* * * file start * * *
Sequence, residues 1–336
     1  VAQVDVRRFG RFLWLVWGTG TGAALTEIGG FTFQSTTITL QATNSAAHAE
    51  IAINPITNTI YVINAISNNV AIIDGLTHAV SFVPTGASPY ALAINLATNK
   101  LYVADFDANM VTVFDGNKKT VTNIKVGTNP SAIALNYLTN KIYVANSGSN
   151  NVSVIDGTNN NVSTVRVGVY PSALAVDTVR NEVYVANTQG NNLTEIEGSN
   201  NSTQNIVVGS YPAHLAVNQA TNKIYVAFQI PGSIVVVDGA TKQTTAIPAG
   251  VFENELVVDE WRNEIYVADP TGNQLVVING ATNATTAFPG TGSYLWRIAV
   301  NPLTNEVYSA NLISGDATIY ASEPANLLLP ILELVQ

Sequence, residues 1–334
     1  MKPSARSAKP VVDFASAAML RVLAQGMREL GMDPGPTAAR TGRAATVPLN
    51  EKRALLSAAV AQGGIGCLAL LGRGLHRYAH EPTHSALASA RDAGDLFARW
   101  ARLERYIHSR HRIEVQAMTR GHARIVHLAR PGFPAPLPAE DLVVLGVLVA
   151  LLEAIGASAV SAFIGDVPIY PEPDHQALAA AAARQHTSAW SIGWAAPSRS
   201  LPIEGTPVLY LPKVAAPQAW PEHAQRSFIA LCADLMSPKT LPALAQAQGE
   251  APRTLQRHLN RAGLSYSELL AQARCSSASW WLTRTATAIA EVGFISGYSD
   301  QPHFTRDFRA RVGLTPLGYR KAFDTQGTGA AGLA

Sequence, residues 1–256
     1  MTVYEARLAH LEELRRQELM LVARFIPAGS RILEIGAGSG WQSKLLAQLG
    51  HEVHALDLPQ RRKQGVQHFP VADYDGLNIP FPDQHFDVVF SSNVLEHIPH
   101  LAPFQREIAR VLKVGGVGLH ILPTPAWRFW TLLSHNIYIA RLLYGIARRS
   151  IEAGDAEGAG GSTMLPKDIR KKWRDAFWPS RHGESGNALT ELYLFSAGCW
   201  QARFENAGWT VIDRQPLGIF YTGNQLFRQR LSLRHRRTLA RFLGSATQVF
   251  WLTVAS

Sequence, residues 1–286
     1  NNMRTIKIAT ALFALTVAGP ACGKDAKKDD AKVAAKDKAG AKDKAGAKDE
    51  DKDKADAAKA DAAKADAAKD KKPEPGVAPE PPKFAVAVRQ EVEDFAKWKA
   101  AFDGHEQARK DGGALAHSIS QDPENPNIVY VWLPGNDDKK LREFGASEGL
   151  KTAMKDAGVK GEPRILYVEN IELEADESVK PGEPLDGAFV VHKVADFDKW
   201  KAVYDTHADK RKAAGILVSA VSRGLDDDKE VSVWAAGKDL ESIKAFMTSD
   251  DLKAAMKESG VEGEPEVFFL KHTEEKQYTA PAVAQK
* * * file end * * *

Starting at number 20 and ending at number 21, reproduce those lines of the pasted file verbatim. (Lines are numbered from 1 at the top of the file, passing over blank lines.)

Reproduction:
   101  LAPFQREIAR VLKVGGVGLH ILPTPAWRFW TLLSHNIYIA RLLYGIARRS
   151  IEAGDAEGAG GSTMLPKDIR KKWRDAFWPS RHGESGNALT ELYLFSAGCW